Friday, June 22, 2012

"Guaranteed" Fun

Let's be honest with ourselves: it's been a truly shitty year for movies. Here we are, halfway done with 2012, and there have honestly been only three, maybe four great movies released so far this year. Marvel's The Avengers, Cabin in the Woods, 21 Jump Street, and Moonrise Kingdom. That's it. The rest might have had some intriguing aspects or honestly good moments, but have gone on to be either disappointing or incomplete or just plain bad. Actually, there have been even fewer BAD movies than GREAT ones this year, as most of the movies I've seen have fallen into the dreaded 'Blah' category. It's as if Hollywood's continually typing monkeys have been bucking the odds, failing to even deliver any spectacularly awful experiences. As more and more films come out that fail to live up to even modest expectations, I sometimes find myself ambivalent at the prospect of going to the theater; I've had too many dour moments this year with movies I had fully expected to love. The Five Year Engagement should have been fun. Silent House should have been scary. Wrath of the Titans should have been exciting. How many disappointments do I have to endure before I actually get to something with legitimate MEAT?

Woo! Road trip!
It turns out I only had to wait until Safety Not Guaranteed came to town. The film stars Aubrey Plaza as Darius, an emotionally reserved intern at Seattle Magazine, who has been depressed and withdrawn since the tragic death of her mother several years previously. The perennially-sarcastic Darius has been selected alongside gaming nerd intern Arnau (Karan Soni) to accompany columnist Jeff (Jake M. Johnson) to a small Washington town, which was the origin of a mysterious, inspired classified ad...

"Wanted: Somebody to go back in time with me. This is not a joke. You'll get paid after we get back. Must bring your own weapons. I have only done this once before. Safety not guaranteed."

The trail leads the trio to Kenneth Calloway (Mark Duplass), a retail employee who really seems to believe that he is building a machine to visit the past. For the story, Darius gets close to him and the pair bond over improvised shooting ranges and grand theft auto. While everybody else seems to think that Kenneth is cuckoo for Cocoa Puffs, Darius begins to believe that Kenneth is not as insane as they all seem to think... but what's crazier? That Kenneth believes he can go back in time? Or the idea that he might ACTUALLY be able to do it?

Yeah, because this location's not skeevy at all...
Believe it or not, that last question is not answered for the first 85 minutes of an 86-minute movie. From a storytelling aspect, this is quite the big deal, as the audience is constantly torn in wondering whether Kenneth can actually put together his machine or is simply nuts. In keeping this secret, director Colin Trevorrow (in his feature film debut) manages to infuse a typical character-driven film with a brilliantly understated science fiction premise. Trevorrow himself has referred to this particular style (in an interview with Open Letters Monthly's Lock Peterseim) as "low sci-fi", a growing sub-genre that looks to also include the upcoming Beasts of the Southern Wild. The genre works especially well with low-budget titles, and Safety Not Guaranteed is a perfect example of a film that doesn't do TOO much to betray its simple but powerful motivations.

When the orgy came into discussion, everybody became interested.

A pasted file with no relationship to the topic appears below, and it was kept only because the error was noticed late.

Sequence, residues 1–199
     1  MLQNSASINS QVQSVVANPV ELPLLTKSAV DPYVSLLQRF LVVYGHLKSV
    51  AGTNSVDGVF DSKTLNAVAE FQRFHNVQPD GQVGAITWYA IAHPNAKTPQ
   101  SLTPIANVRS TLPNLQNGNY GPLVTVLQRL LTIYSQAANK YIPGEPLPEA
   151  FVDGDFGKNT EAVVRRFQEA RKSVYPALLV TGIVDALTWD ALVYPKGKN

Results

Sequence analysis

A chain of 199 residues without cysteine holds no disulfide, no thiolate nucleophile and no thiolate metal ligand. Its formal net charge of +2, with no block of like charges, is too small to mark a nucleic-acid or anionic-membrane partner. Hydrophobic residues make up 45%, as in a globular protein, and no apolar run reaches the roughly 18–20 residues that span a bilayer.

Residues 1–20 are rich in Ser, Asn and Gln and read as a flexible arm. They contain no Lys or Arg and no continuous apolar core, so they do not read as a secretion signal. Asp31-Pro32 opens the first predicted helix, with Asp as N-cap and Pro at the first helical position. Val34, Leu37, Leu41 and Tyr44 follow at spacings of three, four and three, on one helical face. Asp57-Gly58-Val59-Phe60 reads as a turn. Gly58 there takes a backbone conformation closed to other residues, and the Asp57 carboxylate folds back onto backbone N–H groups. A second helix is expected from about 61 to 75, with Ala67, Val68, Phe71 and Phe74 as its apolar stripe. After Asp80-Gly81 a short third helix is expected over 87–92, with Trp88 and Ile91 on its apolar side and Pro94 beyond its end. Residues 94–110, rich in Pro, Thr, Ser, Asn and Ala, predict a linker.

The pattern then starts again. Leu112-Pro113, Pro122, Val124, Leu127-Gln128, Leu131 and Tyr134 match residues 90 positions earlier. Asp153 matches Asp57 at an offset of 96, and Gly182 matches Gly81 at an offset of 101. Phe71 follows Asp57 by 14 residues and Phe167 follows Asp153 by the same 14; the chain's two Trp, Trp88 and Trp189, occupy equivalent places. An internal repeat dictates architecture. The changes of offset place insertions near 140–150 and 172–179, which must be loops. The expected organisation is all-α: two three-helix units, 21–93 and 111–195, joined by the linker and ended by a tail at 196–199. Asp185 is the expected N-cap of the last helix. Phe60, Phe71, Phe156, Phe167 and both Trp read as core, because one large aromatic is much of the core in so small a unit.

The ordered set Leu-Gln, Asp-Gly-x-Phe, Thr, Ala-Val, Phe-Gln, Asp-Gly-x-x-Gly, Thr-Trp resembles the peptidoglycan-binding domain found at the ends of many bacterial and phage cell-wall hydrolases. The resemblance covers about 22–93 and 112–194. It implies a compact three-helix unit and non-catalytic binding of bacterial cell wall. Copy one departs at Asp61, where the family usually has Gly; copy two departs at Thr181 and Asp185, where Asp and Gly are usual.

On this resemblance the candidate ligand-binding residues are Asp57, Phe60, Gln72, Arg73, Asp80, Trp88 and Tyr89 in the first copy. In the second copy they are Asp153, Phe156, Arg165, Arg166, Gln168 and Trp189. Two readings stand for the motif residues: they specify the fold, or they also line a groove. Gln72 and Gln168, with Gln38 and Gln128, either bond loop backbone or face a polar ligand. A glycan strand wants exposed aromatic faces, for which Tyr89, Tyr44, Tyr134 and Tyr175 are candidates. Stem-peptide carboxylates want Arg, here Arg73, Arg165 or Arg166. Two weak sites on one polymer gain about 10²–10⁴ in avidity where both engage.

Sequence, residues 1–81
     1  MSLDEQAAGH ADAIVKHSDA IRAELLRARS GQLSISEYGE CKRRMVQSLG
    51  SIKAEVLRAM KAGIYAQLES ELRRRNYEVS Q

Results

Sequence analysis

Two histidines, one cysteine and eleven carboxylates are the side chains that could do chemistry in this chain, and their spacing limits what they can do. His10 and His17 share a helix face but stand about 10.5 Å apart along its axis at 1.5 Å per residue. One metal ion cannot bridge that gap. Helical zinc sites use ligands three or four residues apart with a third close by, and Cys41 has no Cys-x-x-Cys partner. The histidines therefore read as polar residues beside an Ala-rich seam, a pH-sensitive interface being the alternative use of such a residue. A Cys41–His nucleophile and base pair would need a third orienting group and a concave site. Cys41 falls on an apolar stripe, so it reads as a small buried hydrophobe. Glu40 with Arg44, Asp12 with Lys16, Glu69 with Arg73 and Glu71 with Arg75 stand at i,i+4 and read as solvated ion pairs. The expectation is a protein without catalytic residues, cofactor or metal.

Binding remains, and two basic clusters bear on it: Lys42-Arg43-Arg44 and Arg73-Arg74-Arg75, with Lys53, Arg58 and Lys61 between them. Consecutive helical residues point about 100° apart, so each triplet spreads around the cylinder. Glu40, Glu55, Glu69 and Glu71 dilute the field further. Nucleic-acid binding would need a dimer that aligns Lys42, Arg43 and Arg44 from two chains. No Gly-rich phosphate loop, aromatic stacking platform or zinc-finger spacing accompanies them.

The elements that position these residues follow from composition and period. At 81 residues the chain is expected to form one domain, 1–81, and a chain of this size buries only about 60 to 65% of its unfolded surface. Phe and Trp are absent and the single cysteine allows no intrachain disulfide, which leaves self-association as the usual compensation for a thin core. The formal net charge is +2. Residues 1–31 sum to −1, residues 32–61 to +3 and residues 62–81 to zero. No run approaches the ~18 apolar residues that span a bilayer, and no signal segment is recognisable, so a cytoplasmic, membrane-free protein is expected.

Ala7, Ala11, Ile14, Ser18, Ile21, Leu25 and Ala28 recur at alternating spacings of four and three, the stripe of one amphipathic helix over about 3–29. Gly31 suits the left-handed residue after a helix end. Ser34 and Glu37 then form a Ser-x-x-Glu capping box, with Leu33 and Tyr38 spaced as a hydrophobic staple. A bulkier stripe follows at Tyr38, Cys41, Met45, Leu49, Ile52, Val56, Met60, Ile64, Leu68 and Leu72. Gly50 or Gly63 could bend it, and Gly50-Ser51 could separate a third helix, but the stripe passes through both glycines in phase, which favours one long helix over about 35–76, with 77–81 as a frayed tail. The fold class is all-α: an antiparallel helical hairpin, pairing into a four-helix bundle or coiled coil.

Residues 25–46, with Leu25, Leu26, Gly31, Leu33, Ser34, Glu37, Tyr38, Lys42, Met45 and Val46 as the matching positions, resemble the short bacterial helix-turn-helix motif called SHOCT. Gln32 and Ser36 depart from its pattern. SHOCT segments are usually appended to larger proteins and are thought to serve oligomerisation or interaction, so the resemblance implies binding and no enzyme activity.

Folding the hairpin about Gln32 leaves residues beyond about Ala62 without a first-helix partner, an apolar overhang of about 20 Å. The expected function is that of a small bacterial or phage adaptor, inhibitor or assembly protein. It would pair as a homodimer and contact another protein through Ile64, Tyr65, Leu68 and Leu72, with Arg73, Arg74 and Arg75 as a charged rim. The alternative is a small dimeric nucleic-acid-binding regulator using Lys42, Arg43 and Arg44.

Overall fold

Those motivations include incredibly genuine characters that at first appear as mere caricatures before spawning lives of their own. Johnson is probably the best non-lead  a foul-mouthed, foul-minded writer using his story as a false front for reconnecting with an old flame. Soni takes the cliche of a lonely, awkward, over-achieving nerd and makes it one of the most honest performances of 2012. And yet they are almost window dressing for Plaza and Duplass, whose deeply rich personalities are the film's main course. Plaza of course plays to her angst-ridden, sarcastic strengths in the beginning, but really displays an openness and vulnerability that you've never seen in her work on Parks and Recreations and Scott Pilgrim vs. the World. Her Darius is such a damaged and introverted creature in the beginning, which is interesting enough, but the real strength of her performance is when she begins to trust Kenneth and open herself up to both him and us, revealing what we never would have guessed. Duplass is even better, easily straddling the line between misunderstood genius and dangerous lunatic. Everything in the character of Kenneth means something, from his awkwardness with the opposite sex to his seeming inability to use (or conscious decision to abstain from using) curse words. He's simultaneously every awkward guy you've met and something completely separate, all in one body. It's often the mix of Duplass' obtuseness with Plaza's sweet sarcasm that makes some of the movie's best scenes. The supporters do really get a chance to shine, but this film definitely belongs to Duplass and Plaza.

This is what Aubrey Plaza calls a smile.
After so many duds and disappointing debuts, it was nice to receive tangible value for my movie ticket this week. Safety Not Guaranteed might not have reached your local theater yet, but if you can get around to seeing it in the theater, this indie gem is well worth your time. As the #4 movie of 2012, it has attained a level of quality that few films this year have. Duplass especially is having a big year, from co-directing Jeff, Who Lives at Home and starring in the upcoming Your Sister's Sister and People Like Us. I'd love to make him the success story of 2012. So give this title a shot; this is so much more than a "can he or can't he" sci-fi tale, and the excellent characters succeed in drawing you in where very few recent titles have. A definite must-see.

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